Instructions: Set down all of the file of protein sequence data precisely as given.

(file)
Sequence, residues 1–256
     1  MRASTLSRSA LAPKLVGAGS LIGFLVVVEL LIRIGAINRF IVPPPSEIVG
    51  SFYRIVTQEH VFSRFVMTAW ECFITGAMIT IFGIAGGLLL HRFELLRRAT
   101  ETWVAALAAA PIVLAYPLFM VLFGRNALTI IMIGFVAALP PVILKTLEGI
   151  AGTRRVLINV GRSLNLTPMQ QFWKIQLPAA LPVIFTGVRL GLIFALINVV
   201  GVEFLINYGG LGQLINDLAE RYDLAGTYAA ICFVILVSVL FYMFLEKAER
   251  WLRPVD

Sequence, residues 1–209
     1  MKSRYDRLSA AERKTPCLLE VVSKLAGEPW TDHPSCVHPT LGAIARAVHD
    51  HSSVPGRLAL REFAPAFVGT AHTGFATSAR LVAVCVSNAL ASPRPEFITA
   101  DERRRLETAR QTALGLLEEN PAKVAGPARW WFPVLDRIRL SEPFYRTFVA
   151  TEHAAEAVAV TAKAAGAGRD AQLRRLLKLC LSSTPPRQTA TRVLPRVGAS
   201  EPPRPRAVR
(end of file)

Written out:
Sequence, residues 1–256
     1  MRASTLSRSA LAPKLVGAGS LIGFLVVVEL LIRIGAINRF IVPPPSEIVG
    51  SFYRIVTQEH VFSRFVMTAW ECFITGAMIT IFGIAGGLLL HRFELLRRAT
   101  ETWVAALAAA PIVLAYPLFM VLFGRNALTI IMIGFVAALP PVILKTLEGI
   151  AGTRRVLINV GRSLNLTPMQ QFWKIQLPAA LPVIFTGVRL GLIFALINVV
   201  GVEFLINYGG LGQLINDLAE RYDLAGTYAA ICFVILVSVL FYMFLEKAER
   251  WLRPVD

Sequence, residues 1–209
     1  MKSRYDRLSA AERKTPCLLE VVSKLAGEPW TDHPSCVHPT LGAIARAVHD
    51  HSSVPGRLAL REFAPAFVGT AHTGFATSAR LVAVCVSNAL ASPRPEFITA
   101  DERRRLETAR QTALGLLEEN PAKVAGPARW WFPVLDRIRL SEPFYRTFVA
   151  TEHAAEAVAV TAKAAGAGRD AQLRRLLKLC LSSTPPRQTA TRVLPRVGAS
   201  EPPRPRAVR